The word is out! People at all fitness levels are discovering the perks of indoor rowing. Here we present seven benefits of rowing machines for health and fitness.
- Rowing Machines Blast Calories
A large person can easily burn 1000 calories an hour when rowing. That might seem incredible, but remember that this is a full-body activity. A single stroke involves coordinating your hamstrings, abdominal muscles, biceps and all other major muscle groups. WaterRower reports that people recruit 84% of their muscles when using their machines! Other fitness machines tend to focus on just the upper or lower body and burn fewer calories per hour.
Based on user weight and effort, here are some scientific estimates of rowing machine calorie burn per hour:
|Light Effort||Medium Effort||Vigorous Effort|
|(50 Watts)||(100 Watts)||(150 Watts)|
|150 pounds||250 calories||500 calories||610 calories|
- What exactly is cardiovascular fitness, and how is it improved with rowing? Cardiovascular fitness involves your lungs, heart, blood vessels and muscles. It refers to how much oxygen you can inhale and deliver to your muscles, and the muscles’ ability to use that oxygen for movement.Rowing Improves Cardiovascular Fitness
Rowing is excellent for your heart and lungs because it recruits every major muscle group. This muscle activity stimulates your heart, encouraging it to deliver additional oxygen and nutrients. Basically your body complies but is alarmed by the demand. As if planning ahead, your heart and lungs adapt so that the next time this work is required, it’s easier. Voila! Rowing improves cardiovascular fitness.
- Rowing Boosts Muscle Strength and Endurance
Rowing machines train your entire body to improve muscular strength and endurance. As you repeatedly push and pull, your muscles adapt to the demand. The repeated motion of rowing helps improve muscular strength, which is how much weight a muscle group can lift in one effort. (For example, maybe you can lift 50 pounds although not repeatedly.) Rowing also improves muscular endurance, or how much weight a muscle group can repeatedly move over time. The more you train, the longer you’ll be able to sustain a physical activity such as weight lifting, biking or hiking.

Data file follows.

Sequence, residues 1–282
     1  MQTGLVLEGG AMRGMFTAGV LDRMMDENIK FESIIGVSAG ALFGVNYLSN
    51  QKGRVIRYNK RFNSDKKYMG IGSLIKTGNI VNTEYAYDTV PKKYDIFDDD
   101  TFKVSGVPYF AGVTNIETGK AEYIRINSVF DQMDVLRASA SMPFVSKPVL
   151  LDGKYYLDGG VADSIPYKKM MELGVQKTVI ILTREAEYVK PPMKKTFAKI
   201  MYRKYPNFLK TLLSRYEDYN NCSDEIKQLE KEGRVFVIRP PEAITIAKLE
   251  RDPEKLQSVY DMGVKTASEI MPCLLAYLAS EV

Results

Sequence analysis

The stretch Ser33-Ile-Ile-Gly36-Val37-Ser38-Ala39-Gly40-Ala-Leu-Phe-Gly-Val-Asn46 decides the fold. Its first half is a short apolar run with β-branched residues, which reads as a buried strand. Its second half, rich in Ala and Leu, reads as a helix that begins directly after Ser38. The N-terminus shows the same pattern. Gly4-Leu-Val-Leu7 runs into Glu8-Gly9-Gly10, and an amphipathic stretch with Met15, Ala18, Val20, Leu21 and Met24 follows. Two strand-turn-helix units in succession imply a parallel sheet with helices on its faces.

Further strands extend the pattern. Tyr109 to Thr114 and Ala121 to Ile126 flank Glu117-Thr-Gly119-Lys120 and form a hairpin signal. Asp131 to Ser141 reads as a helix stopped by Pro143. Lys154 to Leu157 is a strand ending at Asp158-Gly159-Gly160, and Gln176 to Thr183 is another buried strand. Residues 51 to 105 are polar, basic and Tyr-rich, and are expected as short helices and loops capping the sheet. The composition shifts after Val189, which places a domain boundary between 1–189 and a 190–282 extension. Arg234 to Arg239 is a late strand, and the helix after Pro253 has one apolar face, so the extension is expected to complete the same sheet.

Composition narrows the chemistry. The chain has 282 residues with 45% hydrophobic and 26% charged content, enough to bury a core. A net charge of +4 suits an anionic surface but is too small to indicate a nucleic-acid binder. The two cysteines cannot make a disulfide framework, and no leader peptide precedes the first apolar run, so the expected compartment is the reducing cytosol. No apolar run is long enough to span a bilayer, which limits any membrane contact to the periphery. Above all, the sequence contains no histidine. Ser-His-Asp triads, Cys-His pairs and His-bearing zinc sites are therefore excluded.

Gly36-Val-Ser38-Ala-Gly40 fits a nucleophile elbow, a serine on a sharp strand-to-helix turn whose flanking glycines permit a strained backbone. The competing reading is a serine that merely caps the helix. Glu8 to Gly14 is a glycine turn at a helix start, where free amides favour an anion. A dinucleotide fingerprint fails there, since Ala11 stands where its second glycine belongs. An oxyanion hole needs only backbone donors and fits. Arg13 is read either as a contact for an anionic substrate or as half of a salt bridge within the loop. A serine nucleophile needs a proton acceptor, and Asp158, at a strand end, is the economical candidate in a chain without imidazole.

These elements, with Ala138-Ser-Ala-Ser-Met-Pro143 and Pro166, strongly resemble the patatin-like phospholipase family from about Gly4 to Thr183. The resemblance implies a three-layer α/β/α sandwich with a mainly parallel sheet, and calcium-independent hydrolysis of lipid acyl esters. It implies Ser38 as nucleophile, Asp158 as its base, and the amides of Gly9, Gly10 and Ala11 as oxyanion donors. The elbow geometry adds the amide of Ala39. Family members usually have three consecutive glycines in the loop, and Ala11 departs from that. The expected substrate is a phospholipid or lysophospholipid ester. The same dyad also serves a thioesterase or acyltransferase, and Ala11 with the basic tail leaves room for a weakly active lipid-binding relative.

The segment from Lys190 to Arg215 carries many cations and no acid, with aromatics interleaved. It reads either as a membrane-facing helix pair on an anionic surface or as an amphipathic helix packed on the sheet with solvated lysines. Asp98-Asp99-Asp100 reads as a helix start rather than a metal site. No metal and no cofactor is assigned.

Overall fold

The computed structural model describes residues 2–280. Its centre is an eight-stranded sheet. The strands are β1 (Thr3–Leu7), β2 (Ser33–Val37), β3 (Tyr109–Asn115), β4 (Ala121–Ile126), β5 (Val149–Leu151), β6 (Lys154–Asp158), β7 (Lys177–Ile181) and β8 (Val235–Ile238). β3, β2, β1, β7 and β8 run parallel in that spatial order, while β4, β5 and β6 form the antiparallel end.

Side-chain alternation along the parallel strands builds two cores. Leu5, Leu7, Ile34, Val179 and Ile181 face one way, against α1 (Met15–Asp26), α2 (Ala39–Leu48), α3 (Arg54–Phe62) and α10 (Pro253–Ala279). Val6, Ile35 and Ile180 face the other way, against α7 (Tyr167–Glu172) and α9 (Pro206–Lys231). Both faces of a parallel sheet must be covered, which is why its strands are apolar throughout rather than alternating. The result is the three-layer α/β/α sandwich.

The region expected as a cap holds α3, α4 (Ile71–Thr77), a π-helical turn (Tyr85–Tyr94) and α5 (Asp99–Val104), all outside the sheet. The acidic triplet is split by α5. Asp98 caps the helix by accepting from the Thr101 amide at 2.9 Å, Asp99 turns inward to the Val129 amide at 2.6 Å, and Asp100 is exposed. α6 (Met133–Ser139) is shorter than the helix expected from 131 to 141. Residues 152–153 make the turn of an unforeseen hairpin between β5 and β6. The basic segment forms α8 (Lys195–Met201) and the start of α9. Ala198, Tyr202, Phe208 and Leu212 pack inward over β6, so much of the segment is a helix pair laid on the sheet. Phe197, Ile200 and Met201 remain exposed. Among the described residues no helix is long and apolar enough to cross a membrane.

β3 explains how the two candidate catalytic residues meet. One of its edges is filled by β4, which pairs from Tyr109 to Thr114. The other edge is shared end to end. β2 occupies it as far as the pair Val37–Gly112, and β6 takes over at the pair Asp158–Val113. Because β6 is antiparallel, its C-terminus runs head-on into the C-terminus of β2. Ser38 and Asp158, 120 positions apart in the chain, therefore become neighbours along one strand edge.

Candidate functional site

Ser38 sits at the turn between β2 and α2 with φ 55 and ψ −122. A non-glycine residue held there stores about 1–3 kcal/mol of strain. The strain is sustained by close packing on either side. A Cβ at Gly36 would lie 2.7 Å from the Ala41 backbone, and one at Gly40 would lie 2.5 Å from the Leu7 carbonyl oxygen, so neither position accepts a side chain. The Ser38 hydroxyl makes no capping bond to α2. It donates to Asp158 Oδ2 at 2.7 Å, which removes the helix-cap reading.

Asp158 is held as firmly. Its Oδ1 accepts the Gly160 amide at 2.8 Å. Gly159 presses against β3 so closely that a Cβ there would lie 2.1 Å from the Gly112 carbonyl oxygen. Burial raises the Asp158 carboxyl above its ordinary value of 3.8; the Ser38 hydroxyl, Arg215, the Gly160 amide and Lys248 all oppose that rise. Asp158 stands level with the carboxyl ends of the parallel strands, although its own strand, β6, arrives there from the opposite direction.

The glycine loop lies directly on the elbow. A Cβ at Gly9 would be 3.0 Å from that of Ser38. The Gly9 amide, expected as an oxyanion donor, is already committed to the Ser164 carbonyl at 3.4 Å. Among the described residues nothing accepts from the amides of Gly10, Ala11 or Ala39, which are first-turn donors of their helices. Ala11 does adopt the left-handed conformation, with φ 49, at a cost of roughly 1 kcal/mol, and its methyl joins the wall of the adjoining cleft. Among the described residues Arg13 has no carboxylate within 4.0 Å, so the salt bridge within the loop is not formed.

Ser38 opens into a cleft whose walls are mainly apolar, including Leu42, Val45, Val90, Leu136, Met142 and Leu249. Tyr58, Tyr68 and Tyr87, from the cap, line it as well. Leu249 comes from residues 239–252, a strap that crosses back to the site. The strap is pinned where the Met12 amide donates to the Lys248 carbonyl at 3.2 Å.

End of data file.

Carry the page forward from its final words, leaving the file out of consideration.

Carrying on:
- Rowing is Low Impact
Rowing and other “low impact” exercise is gentle to your joints. It lets you avoid the injuries that are associated with high impact exercise. When you run, for example, there is clearly an impact on your knees, ankles and other joints. When you row, your body moves smoothly and isn’t jarred.
That said, it’s important to row properly. Using the wrong technique can cause muscle strains and other problems.
- Rowing Can Be Social
Indoor rowing can be a solo venture or a group activity. Group rowing classes such as Indo-Row have become especially popular in the past few years, replacing the role of high-impact spinning. These classes have energetic instructors, motivational music and engaging workouts.
The brand Concept2 is particularly popular for group training. Their GX Studio rowing machines are specifically designed for this purpose.
- Rowing Machines Are Relatively Low-Cost
Rowing machines are especially affordable when compared with other cardio equipment such as treadmills and elliptical trainers. The world’s most popular rowing machine, the Concept2 Model D, sells for about $900 and is commercial strength. The top commercial treadmills and ellipticals, on the other hand, cost thousands more.
The cheapest rowing machines only carry residential warranties. Some cost as little as $250, although these could hardly compete with a Concept2. Our rowing machine reviews help you sort through the options in all price categories.
Renting is an option too. WaterRowers can be rented for under $10/week with a minimum commitment of three months.
- Rowing Supports Limitless Potential
Rowing can be as challenging as you’d like. If you use a WaterRower or certain air rowers, the machine’s resistance will respond to your effort. The harder and faster you row, the more resistance is created.
If you push yourself, then your cardiovascular health, muscular endurance and strength won’t outgrow your rowing machine.
To best enjoy the benefits of rowing, resist the urge to go all-out during your first session! Take the time to learn proper form. As with any exercise, start slowly and let your body gradually adapt to its healthy new routine.